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I have been trying rather unsuccessfully to encrypt a plaintext using 3DES in java by using the BouncyCastle suite. This result is supposed to match that produced by an existing C# implementation because I plan to be decrypting it later.

I keep getting different results though I am convinced I have produced the "equivalent" of the C# algo in Java. Could someone kindly look through both snippets and advise? I would be most grateful.

C# encryption:

public static byte[] encryptStringToBytes_3DES(string plainText, string passKey)
    {
        // Check arguments.
        if (plainText == null || plainText.Length <= 0)
            throw new ArgumentNullException("plainText");

        // Declare the streams used
        // to encrypt to an in memory
        // array of bytes.
        MemoryStream msEncrypt = null;
        CryptoStream csEncrypt = null;
        StreamWriter swEncrypt = null;
        ASCIIEncoding ascii = new System.Text.ASCIIEncoding();


        // used to encrypt the data.
        TripleDESCryptoServiceProvider tdes = new TripleDESCryptoServiceProvider();
        string passphrase = passKey;
        byte[] iv = ascii.GetBytes("AVREWASH");
        byte[] key = ascii.GetBytes(passphrase);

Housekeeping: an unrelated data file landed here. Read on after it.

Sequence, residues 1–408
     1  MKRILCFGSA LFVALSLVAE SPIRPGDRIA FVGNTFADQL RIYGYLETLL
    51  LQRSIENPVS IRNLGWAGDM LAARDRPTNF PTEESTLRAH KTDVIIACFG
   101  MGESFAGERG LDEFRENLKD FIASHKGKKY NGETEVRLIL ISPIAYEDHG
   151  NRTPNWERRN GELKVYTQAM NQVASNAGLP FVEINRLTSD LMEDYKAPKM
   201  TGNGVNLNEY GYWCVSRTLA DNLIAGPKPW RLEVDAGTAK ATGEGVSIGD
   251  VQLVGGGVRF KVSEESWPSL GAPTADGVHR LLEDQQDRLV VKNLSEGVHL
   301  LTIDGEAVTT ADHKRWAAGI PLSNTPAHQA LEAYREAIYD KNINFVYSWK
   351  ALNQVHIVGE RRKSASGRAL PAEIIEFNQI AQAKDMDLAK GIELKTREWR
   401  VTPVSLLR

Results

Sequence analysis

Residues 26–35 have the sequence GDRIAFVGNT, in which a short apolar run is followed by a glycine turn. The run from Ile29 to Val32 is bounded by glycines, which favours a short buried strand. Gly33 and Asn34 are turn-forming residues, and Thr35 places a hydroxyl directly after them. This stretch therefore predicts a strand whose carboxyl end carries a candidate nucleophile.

try
        {
            // Create a TripleDES object
            // with the specified key and IV.
            //Console.WriteLine("Key size is " + tdes.KeySize+" and IV is "+tdes.IV+" and that of key is "+key.Length);
            tdes.Key = key;
            tdes.IV = iv;
            tdes.Padding = PaddingMode.Zeros;

            // Create a decrytor to perform the stream transform.
            ICryptoTransform encryptor = tdes.CreateEncryptor(tdes.Key, tdes.IV);

            // Create the streams used for encryption.
            msEncrypt = new MemoryStream();
            csEncrypt = new CryptoStream(msEncrypt, encryptor, CryptoStreamMode.Write);
            swEncrypt = new StreamWriter(csEncrypt);

            //Write all data to the stream.
            swEncrypt.Write(plainText);

        }
        catch (Exception ex)
        {
            Console.WriteLine("Error is " + ex.Message);
            while (true)
            {
            }
        }

        finally
        {
            // Clean things up.

            // Close the streams.
            if (swEncrypt != null)
                swEncrypt.Close();
            if (csEncrypt != null)
                csEncrypt.Close();
            if (msEncrypt != null)
                msEncrypt.Close();

            // Clear the TripleDES object.
            if (tdes != null)
                tdes.Clear();
        }

        // Return the encrypted bytes from the memory stream.
        return msEncrypt.ToArray();

}

There is this helper function I use in converting results to Hex...

public static string ByteArrayToString(byte[] ba)
    {
        string hex = BitConverter.ToString(ba);
        return hex.Replace("-", "");
    }

The Java snippet supposed to be doing the "equivalent" encryption follows too:

public void encrypt(String plaintext, String IV, String tripleDesKey){

try{